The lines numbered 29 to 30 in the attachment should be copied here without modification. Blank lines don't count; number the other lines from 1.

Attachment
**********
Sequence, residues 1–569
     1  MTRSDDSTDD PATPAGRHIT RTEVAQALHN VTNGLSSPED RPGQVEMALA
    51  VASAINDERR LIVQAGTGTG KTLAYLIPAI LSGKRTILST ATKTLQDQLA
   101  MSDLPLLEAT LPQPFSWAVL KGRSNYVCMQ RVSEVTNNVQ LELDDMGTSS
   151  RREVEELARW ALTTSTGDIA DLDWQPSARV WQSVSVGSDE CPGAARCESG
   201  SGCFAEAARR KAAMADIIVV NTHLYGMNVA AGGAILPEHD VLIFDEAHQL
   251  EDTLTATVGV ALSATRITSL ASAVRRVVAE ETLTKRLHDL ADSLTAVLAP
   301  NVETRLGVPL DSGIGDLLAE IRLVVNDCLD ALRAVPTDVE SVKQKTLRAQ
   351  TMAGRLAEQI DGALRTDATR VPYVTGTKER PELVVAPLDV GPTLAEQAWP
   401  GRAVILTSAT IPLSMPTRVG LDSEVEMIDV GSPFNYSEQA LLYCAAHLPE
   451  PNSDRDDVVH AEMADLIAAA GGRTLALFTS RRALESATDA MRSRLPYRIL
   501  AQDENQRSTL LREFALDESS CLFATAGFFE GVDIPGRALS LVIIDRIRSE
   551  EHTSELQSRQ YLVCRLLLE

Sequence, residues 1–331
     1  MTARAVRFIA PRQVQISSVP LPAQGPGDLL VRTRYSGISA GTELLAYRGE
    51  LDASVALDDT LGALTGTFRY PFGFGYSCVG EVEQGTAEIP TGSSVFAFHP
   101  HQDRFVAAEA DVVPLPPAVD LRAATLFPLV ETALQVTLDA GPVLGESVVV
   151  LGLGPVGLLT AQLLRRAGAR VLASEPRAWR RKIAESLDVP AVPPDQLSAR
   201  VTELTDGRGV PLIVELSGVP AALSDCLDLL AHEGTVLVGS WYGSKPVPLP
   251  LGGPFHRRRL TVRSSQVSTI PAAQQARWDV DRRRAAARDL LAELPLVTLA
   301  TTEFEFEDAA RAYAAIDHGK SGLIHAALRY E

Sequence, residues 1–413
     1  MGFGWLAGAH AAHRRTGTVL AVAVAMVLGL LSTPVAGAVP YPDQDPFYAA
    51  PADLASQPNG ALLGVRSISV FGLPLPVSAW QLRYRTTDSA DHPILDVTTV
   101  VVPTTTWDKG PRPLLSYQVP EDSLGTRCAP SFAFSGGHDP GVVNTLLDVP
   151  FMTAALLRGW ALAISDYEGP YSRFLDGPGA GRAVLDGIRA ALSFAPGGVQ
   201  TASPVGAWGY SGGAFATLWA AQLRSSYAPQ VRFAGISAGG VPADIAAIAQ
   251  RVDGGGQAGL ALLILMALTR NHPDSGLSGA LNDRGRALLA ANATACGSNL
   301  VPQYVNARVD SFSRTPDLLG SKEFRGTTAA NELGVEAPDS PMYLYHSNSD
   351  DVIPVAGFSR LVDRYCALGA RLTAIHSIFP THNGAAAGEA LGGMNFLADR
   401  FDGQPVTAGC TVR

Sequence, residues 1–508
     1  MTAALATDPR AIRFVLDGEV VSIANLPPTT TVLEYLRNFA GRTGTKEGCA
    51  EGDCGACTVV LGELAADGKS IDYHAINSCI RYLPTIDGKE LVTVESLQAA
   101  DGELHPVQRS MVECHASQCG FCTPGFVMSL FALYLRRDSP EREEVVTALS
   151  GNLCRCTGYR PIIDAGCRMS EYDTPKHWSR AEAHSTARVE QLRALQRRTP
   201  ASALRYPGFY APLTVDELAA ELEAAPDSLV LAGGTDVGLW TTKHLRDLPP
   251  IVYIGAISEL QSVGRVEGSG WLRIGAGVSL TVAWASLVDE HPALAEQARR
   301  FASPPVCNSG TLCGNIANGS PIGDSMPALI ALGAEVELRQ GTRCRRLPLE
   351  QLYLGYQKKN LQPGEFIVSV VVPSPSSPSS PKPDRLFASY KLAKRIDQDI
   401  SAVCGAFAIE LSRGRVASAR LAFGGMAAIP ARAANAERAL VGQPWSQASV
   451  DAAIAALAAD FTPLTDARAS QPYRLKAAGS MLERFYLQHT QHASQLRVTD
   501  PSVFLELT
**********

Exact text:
   301  VPQYVNARVD SFSRTPDLLG SKEFRGTTAA NELGVEAPDS PMYLYHSNSD
   351  DVIPVAGFSR LVDRYCALGA RLTAIHSIFP THNGAAAGEA LGGMNFLADR